Join Maxim Jago for an in-depth discussion in this video Adjustment layers, part of Premiere Pro CS6 Effects Workshop.
Adjustment layers were added to Premiere Pro with the release of CS6, and if you're already familiar with using them in Photoshop or in After Effects, it's kind of old news. The workflow is very, very simple, and it just opens up some really wonderful new opportunities to work with effects, it's also extremely efficient. If you want to make a new adjustment layer, you can click on the New Item button, at the bottom of the Project menu, and choose Adjustment Layer. When you choose this option, it's a little bit like making a new title. Premiere Pro is going to take the settings for your current sequence, which the width of 1280 by a height of 720 in this case, and the time base and the pixel aspect ratio, it just fills in these boxes automatically. I'm going to click OK, here and let's call this Look One Adjustment Layer, okay.
In terms of editing, adjustment layers behave in exactly the same way as titles. You can just drag and drop on to the timeline and re-size as much as you want, and position them however you like, and trim them, and so on. And effectively, an adjustment layer is a layer through which you see the layers below. But so we'll you can see here for example, it's transparent, I'm not having any impact on the layers below it. But any effects that you apply, to the adjustment layer, are applied to the layers below as well.
So, for example, if I go to my effects, and maybe go to well, let's have a look let's just take an obvious one. I'll take the Fast Color Corrector and drop it onto this adjustment layer. And then If I go to my Effect controls, let's make this really obvious, I'm going to crank up the levels, so it's really really high contrast. And any clip that is beneath this adjustment layer, is going to be seen via it. I'm just going to turn off the audio, so I can scrub here, and you can see very, very clearly, all of these clips underneath the adjustment layer are being seen via my Fast Color Corrector. And as soon as the adjustment layer runs out, I'm back to the unmodified effect. Of course the positioning of an adjustment layer is very important, you see here, I've got my layer set up on video three, and that's in front of my graphic.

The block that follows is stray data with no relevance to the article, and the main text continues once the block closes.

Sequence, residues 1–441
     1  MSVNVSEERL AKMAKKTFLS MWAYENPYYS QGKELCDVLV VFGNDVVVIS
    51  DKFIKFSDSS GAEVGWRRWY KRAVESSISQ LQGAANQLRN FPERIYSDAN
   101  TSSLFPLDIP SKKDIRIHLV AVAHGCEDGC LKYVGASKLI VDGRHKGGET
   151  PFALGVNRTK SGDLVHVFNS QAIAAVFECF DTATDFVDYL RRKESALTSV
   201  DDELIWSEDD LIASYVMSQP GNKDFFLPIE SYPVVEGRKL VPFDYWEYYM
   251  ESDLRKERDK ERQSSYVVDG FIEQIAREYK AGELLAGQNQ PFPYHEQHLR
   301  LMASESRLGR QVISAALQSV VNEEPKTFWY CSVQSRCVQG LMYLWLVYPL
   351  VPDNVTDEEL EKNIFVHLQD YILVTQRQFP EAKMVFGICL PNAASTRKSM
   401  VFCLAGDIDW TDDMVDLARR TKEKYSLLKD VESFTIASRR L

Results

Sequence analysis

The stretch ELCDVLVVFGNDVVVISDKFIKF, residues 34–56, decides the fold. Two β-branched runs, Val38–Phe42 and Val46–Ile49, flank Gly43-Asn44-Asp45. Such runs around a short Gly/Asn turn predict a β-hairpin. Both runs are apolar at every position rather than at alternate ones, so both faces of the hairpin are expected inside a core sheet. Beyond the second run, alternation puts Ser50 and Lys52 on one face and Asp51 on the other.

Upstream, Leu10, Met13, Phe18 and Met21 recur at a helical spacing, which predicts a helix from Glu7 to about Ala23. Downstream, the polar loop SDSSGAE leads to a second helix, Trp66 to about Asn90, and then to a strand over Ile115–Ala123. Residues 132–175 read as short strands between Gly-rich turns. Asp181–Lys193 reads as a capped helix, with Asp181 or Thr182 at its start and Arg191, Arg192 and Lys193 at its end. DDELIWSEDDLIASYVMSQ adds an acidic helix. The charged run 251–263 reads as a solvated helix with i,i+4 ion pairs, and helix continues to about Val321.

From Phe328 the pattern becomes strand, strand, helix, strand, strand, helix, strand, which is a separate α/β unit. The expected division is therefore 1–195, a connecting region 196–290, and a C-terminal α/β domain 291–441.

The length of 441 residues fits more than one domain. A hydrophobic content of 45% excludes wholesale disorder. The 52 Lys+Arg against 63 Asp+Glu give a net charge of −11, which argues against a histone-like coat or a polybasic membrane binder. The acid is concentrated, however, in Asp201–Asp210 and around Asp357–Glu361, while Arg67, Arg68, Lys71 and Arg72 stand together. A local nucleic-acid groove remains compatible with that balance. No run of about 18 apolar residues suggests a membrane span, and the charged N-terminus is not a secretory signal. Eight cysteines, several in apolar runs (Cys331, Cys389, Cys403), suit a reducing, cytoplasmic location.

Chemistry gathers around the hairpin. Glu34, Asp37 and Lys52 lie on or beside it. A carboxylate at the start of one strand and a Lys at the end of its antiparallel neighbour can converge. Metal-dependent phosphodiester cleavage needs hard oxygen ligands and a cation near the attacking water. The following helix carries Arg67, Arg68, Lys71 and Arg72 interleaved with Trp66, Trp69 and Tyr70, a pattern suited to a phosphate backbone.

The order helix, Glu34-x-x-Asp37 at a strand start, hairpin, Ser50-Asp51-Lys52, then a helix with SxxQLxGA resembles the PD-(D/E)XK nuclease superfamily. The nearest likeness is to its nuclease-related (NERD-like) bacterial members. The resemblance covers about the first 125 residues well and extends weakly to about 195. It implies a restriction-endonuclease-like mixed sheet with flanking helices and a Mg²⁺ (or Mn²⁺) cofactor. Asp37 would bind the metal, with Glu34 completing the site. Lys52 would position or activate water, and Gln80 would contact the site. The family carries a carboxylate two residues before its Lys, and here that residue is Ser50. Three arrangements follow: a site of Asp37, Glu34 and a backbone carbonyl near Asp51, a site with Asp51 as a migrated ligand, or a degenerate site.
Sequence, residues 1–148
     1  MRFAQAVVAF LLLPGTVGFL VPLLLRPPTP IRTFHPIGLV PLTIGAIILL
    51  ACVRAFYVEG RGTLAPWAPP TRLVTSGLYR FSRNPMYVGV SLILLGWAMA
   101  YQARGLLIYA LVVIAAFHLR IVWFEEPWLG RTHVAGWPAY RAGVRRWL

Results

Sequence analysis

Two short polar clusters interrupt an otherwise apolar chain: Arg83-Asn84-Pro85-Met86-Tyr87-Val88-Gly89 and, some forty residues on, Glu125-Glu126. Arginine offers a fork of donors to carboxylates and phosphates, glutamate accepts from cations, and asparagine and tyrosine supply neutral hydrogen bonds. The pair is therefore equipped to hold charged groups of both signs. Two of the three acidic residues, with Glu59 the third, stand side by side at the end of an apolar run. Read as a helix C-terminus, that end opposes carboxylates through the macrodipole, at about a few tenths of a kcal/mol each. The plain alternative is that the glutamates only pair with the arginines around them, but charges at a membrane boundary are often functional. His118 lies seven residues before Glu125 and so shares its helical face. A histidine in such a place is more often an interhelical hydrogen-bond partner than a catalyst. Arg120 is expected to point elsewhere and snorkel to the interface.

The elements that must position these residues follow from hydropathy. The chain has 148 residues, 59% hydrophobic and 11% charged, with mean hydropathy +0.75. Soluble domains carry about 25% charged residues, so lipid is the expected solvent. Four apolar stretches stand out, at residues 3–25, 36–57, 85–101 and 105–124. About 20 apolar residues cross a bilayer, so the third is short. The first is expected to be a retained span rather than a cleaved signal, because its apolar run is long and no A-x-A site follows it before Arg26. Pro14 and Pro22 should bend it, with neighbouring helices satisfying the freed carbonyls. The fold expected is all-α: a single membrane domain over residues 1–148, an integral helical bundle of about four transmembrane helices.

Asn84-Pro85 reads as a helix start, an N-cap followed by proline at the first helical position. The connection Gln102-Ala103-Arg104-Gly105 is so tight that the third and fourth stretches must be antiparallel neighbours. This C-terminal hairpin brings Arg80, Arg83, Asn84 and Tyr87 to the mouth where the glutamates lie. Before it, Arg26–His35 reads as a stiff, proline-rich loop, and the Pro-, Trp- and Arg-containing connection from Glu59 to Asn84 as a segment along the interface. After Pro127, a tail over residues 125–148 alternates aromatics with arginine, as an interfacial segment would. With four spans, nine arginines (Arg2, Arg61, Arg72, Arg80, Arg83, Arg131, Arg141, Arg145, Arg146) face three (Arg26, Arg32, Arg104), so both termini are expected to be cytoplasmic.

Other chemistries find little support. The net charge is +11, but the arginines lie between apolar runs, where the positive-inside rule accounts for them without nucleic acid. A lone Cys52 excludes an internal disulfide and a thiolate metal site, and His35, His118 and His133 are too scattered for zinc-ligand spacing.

It's kind of ruining the graphic, as well as giving me this very stark look for my video. Actually that is a little bit too stark, isn't it? Let's just pull the levels up a bit so you can see what's going on a little in this image. It's still very very strong contrast, so if I want to fix that, I just need to swap these around. I'm just going to be pretty lazy here and drag this out of the way, and pull that title up and drop it down underneath, and there you go. Now my graphic is in its original state, nice and clean above the adjustment layer.
And again, anything below the adjustment layer is seen through the effect. This is a really good way of applying a look to an entire scene if you need to. For example I can pull this over and because of the snapping, this is going to snap to the beginning of this wide shot. And I'm just going to select this Fast Color Corrector and delete it. Let's say, I've got these shots, in fact, these three, well maybe these two. But let's say this scene has a look that I developed based on adjustments to the first clip. If I look in my Effects List, I can see, let me clear this out.
I've got a Camera B Fix Preset that I created earlier, I can apply just about any effect to the Adjustment Layer. About the only thing that probably wouldn't make any difference would be things like the Adjusting the speed of play back, it's not going to do anything, because I'm adjusting the speed of the adjustment layer rather than the clips. But if I drag and drop this preset onto the adjustment layer, right away you can see by selecting it, I have got my three effects applied. This Gaussian Blur, I've got a horizontal flip, there's a Fast Color Correcter.